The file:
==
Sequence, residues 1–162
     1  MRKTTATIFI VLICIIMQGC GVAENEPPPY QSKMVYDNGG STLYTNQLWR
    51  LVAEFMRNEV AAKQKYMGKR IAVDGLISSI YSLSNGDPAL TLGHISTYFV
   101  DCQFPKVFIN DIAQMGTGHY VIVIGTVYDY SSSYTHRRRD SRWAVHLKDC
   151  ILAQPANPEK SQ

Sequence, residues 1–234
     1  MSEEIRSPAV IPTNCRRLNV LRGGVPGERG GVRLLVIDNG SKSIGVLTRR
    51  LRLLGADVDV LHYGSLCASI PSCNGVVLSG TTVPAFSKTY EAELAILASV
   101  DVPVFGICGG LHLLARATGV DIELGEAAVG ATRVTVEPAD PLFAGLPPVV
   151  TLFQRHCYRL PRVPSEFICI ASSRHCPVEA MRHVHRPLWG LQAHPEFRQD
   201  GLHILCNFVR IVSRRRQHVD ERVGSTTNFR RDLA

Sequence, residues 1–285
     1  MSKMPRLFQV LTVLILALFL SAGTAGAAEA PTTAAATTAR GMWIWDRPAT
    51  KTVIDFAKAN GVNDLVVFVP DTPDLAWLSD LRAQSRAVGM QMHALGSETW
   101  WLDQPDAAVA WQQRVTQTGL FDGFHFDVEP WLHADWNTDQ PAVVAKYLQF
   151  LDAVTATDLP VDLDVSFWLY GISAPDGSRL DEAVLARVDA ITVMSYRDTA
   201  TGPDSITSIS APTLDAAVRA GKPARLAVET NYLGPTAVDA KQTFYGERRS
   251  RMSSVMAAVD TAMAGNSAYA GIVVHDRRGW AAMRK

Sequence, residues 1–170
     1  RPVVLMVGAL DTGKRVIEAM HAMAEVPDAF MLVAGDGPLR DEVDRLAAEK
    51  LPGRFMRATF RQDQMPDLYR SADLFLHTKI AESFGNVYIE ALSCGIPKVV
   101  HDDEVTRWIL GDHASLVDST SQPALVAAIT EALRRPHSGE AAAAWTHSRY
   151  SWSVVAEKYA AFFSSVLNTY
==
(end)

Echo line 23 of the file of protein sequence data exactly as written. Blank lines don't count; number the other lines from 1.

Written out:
   151  SWSVVAEKYA AFFSSVLNTY